This article describes one important homeopathic remedy for cure of strep infection: the Streptococcinum homeopathic nosode.
Streptococcus Genus | Groups
Streptococcus is genus of no motile, Gram-positive cocci. They are micro-aerobic; in other words need low concentration of oxygen in the air – less than 20 %. The bacteria occur regularly in the mouth and intestines of humans and mammal animals, in dairy and other food products, and in fermenting plant juices.
Streptococcus genus is divided into four groups: the pyogenic, the viridans, the enterococcus group, and the lactic acid group. The most virulent for humans group is the pyogenic, Group A, ß-hemolytic Streptococcus.
The group A ‘ß-hemolytic’ Streptococci bring about complete hemolysis. Group B Streptococci occur as normal flora in the mouth, intestines and vagina. Group C are α-hemolytic. They are considered as part of the normal flora of mouth, pharynx, vagina and skin. The lactic acid group sours milk.
S. agalactiae is found in the milk and tissues from udders of cows with mastitis. It is known as causative agent of urinary infections in humans.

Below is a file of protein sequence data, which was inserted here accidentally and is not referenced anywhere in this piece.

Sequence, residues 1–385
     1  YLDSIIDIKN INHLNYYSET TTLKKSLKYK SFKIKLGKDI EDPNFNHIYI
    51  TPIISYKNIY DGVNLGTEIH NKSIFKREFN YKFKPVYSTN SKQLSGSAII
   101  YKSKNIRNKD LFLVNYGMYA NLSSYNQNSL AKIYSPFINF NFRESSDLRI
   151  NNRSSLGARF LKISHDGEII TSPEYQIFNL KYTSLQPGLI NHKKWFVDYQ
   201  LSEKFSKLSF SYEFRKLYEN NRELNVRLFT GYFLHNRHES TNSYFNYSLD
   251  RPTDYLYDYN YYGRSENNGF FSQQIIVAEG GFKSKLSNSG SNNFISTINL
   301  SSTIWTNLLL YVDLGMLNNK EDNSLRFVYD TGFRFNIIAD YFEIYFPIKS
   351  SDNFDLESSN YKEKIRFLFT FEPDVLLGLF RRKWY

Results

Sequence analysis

S. anginosus is found in the mouth, throat and sinuses; also in vagina, on the skin, and in faeces. It has the potential to cause glomerular nephritis and respiratory diseases; also common cause for dental abscesses.
S. pneumonia (Pneumococcus) from Group A is normal inhabitant of the respiratory tract. It is the most common cause of lobar pneumonia, meningitis and sinusitis.
S. pyogenes from Group A is found in the mouth, throat, and respiratory tract; also in inflammatory exudates, bloodstream, and lesions in human diseases. As it name shows, it causes the formation of pus.